l E
x
p
e
n
d
itu
r
e
s
2
8
7
,4
8
0

1
1
8
,8
3
9

P
r
o
p
e
r
ty
A
p
p
r
a
is
a
l
4
,4
8
8

2
,2
0
6

S
a
n
ita
tio
n
1
3

-

L
ib
r
a
r
y
7
,2
8
4

3
8
6

T
a
x
C
o
m
m
is
s
io
n
e
r
7
,0
7
6

3
,0
6
6

C
o
m
m
u
n
ity
R
e
la
tio
n
s
-

-

T
r
a
n
s
p
o
r
ta
tio
n
1
,6
9
7

3
6
4

R
e
g
is
tr
a
r
a
n
d
E
le
c
tio
n
s
3
,4
2
3

1
,2
7
8

F
le
e
t M
a
in
t.
-

-

F
u
n
d
E
x
p
e
n
d
itu
r
e
s
-

-

W
a
te
r
&
S
e
w
e
r
B
o
n
d
s
C
o
n
s
tr
u
c
tio
n
F
u
n
d
5
1
2
C
iv
il a
n
d
C
r
im
in
a
l C
o
u
r
t S
y
s
te
m
:
A
n
im
a
l C
o
n
tr
o
l
-

-

U
n
a
p
p
r
o
p
r
ia
te
d
(
9
4
,5
6
8
)

(
5
8
)

2
0
1
4
2
0
1
4
S
h
e
r
iff
7
6
,3
8
6

3
6
,0
2
4

B
d
o
f H
e
a
lth
1

-

(
5
4
,0
1
2
)

1
,0
2
1

R
e
v
e
n
u
e
s
:
B
u
d
g
e
t
A
c
tu
a
l
J
u
v
e
n
ile
C
o
u
r
t
8
,9
9
2

3
,0
6
1

S
r
C
itiz
e
n
S
e
r
v
ic
e
s
5
,5
7
9

1
,3
4
7

In
v
e
s
tm
e
n
t In
c
o
m
e
-

1
9
2

S
u
p
e
r
io
r
C
o
u
r
t
8
,6
3
2

4
,0
1
5

H
u
m
a
n
S
e
r
v
ic
e
s
1
,2
6
9

6
1
5

H
o
s
t C
a
p
ita
l P
r
o
je
c
ts
F
u
n
d
3
3
0
P
r
o
c
e
e
d
s
fr
o
m
s
a
le
o
f b
o
n
d
s
(
1
7
,4
7
7
)

-

C
le
r
k
S
u
p
e
r
io
r
C
o
u
r
t
6
,6
6
3

3
,1
8
0

K
e
e
p
D
e
k
a
lb
B
e
a
u
tifu
l
1
6

-

2
0
1
4
2
0
1
4
F
u
n
d
B
a
la
n
c
e
C
a
r
r
ie
d
F
o
r
w
a
r
d
4
0
8
,6
4
4

4
0
8
,6
4
4

S
ta
te
C
o
u
r
t
1
3
,2
0
8

6
,3
3
3

A
r
ts
, C
u
ltu
r
e
, a
n
d
E
n
te
r
ta
in
m
e
n
t
-

-

R
e
v
e
n
u
e
s
:
B
u
d
g
e
t
A
c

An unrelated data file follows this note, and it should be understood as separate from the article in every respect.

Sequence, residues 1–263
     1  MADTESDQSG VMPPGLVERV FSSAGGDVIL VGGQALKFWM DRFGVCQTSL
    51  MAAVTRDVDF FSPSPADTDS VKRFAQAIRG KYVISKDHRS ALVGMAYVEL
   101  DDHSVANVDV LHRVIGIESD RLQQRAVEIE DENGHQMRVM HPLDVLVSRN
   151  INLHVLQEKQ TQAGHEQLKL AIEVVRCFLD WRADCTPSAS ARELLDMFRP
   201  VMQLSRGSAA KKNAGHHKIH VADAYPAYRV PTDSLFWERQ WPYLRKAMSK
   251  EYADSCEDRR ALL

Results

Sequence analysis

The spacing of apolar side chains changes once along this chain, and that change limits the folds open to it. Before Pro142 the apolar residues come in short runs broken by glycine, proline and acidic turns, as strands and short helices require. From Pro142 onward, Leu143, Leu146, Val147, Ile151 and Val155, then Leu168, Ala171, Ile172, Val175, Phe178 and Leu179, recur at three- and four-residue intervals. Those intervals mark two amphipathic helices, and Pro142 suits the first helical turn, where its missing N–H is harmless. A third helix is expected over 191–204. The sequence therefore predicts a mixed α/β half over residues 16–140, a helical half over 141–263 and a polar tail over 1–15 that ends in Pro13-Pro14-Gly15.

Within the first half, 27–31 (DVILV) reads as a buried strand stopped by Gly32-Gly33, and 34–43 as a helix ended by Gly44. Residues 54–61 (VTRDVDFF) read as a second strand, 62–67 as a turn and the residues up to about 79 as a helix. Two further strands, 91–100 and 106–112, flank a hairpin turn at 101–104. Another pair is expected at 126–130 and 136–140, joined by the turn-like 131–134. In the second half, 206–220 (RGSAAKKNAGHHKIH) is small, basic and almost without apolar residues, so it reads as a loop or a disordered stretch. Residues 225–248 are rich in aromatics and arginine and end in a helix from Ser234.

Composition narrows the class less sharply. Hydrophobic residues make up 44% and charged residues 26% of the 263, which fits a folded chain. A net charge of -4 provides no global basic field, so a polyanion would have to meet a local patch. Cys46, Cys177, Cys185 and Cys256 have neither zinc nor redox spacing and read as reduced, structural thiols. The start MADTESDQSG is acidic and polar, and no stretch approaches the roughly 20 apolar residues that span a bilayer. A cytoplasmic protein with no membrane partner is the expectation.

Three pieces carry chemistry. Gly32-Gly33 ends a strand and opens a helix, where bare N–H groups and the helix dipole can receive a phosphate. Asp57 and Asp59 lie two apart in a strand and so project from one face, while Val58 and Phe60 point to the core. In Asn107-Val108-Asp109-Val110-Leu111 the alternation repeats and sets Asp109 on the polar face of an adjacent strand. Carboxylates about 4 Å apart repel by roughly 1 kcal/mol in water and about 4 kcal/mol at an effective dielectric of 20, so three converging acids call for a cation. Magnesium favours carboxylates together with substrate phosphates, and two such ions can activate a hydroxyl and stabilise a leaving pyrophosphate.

tu
a
l
T
o
ta
l R
e
v
e
n
u
e
s
3
9
1
,1
6
7

4
0
8
,8
3
6

S
o
lic
ito
r
S
ta
te
C
o
u
r
t
6
,1
0
6

2
,8
5
2

R
e
g
is
tr
a
r
/E
le
c
tio
n
s
-

-

In
v
e
s
tm
e
n
t In
c
o
m
e
3
3
5

-

E
x
p
e
n
d
itu
r
e
s
:
D
is
tr
ic
t A
tto
r
n
e
y
1
1
,8
1
8

5
,9
0
7

W
a
te
r
&
S
e
w
e
r
2
4
8

-

In
te
r
g
o
v
e
r
n
m
e
n
ta
l
(
9
,4
7
8
)

3
1
5

C
a
p
ita
l P
r
o
je
c
ts
3
8
7
,6
9
7

2
1
,5
4
8

C
h
ild
A
d
v
o
c
a
te
1
,9
9
6

8
6
6

N
o
n
-
D
e
p
a
r
tm
e
n
ta
l
3
6

D
e
fe
r
r
e
d
R
e
v
e
n
u
e
-

-

U
n
a
p
p
r
o
p
r
ia
te
d
3
,4
7
0

2
,3
0
9

P
r
o
b
a
te
C
o
u
r
t
1
,5
7
4

7
3
4

F
u
n
d
E
x
p
e
n
d
itu
r
e
s
1
5

T
r
a
n
s
fe
r
s
F
r
o
m
O
th
e
r
F
u
n
d
s
1
1
,9
3
4

1
1
,6
2
1

3
9
1
,1
6
7
2
3
,8
5
7
M
e
d
ic
a
l E
x
a
m
in
e
r
2
,5
0
1

1
,1
8
3

M
is
c
e
lla
n
e
o
u
s
(
2
)

-

F
u
n
d
B
a
la
n
c
e
C
a
r
r
ie
d
F
o
r
w
a
r
d
(
5
,5
7
9
)

(
5
,5
7
9
)

P
u
b
lic
D
e
fe
n
d
e
r
7
,7
0
7

3
,5
9
3

U
n
a
p
p
r
o
p
r
ia
te
d
(
3
0
,9
6
9
)

(
4
9
5
)

T
o
ta
l R
e
v
e
n
u
e
s
(
2
,7
8
8
)

6
,3
5
7

W
a
te
r
&
S
e
w
e
r
R
&
E
F
u
n
d
5
1
3
M
a
g
is
tr
a
te
C
o
u
r
t
2
,7
5
4

1
,3
7
4

T
o
ta
l E
x
p
e
n
d
itu
r
e
s
9
,6
2
9

1
0
,5
9
3

E
x
p
e
n
d
itu
r
e
s
:
2
0
1
4
2
0
1
4
P
u
b
lic
S
a
fe
ty
:
C
a
p
ita
l P
r
o
je
c
ts
2
8
,1
7
5

3
2
5

R
e
v
e
n
u
e
s
:
B
u
d
g
e
t
A
c
tu
a
l
P
u
b
lic